Mercury is used in thermometers because it increases in length significantly due to rise in temperature, However, mercury has high density relative to water, which means more inter-molecular forces which makes it harder to expand than water. Then,why is mercury preferred to water in a thermometer?

  • $\begingroup$ Your claims are incorrect, as R Millikan points out. $\endgroup$ – Carl Witthoft Jan 8 '14 at 14:30

The density of mercury (13.534 g/cm^3) does not imply high intermolecular forces. It simply reflects that the mercury atom is much more massive than a water molecule. The atomic weight of mercury is 200.6, while the molecular weight of water is about 18, so mercury atoms take up $\frac {200.6} {18\cdot 13.534}=0.823$ as much volume as a water molecule. This doesn't say anything about the forces between the atoms.

Probably the worst thing about water for a thermometer (assuming you keep it from freezing) is that the expansion is not linear. Water hits a maximum density at 4C, so contracts as it drops in temperature from 0 to 4. Above 4C, it expands quite slowly for a while, then more quickly as it heats up. A plot of the volume of water as a function of temperature is below. It makes thermometers much easier if the curve is linear, which this is not. Over a small range, it is close to linear. It would work well for medical thermometers with a range of $35-42 C$, say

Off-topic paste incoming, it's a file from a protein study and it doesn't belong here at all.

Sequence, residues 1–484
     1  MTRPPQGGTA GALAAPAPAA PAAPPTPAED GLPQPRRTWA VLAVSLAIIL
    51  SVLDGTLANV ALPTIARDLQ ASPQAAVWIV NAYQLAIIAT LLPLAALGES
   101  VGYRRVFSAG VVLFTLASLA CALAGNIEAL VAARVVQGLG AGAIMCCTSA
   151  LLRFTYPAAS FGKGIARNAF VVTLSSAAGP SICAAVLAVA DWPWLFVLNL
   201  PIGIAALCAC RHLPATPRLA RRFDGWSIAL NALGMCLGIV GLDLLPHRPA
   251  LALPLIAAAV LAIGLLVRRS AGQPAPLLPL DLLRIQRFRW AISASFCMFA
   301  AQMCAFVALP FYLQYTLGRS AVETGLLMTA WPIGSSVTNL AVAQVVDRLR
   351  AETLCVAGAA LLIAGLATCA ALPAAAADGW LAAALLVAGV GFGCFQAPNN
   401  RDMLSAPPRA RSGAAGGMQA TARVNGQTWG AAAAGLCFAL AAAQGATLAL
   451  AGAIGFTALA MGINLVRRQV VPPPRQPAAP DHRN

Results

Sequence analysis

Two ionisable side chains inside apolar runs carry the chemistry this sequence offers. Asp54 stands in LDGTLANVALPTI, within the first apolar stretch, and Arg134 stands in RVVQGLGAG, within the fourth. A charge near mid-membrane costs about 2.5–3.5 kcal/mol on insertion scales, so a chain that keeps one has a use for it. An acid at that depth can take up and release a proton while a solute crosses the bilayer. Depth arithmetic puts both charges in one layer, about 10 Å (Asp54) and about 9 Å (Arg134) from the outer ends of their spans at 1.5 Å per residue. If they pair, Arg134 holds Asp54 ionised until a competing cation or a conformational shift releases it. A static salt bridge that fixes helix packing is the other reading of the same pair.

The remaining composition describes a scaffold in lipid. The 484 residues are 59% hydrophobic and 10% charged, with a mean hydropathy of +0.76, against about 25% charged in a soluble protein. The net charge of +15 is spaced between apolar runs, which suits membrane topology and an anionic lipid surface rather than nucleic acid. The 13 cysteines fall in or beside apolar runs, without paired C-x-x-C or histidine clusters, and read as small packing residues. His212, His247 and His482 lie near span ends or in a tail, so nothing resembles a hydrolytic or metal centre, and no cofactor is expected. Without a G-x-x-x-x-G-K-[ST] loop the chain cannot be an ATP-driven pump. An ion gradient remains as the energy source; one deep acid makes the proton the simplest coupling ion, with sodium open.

enter image description here


I don't design thermometers and don't know exactly what the engineering tradeoffs are, but here are some advantages of mercury over water that pop to mind:

  1. Mercury doesn't turn to a solid and expand at 0°C.

  2. Mercury is not a clear liquid, which makes seeing it in a clear glass tube a lot easier.

  3. Mercury has much lower vapor pressure than water, so won't evaporate and condense at other parts of the tube.

  4. Mercury is a lot more linear in expansion as a function of temperature than water. Water isn't even monotonic a few degrees above freezing. Non-monotonicity is a obvious show stopper for a thermometer material.


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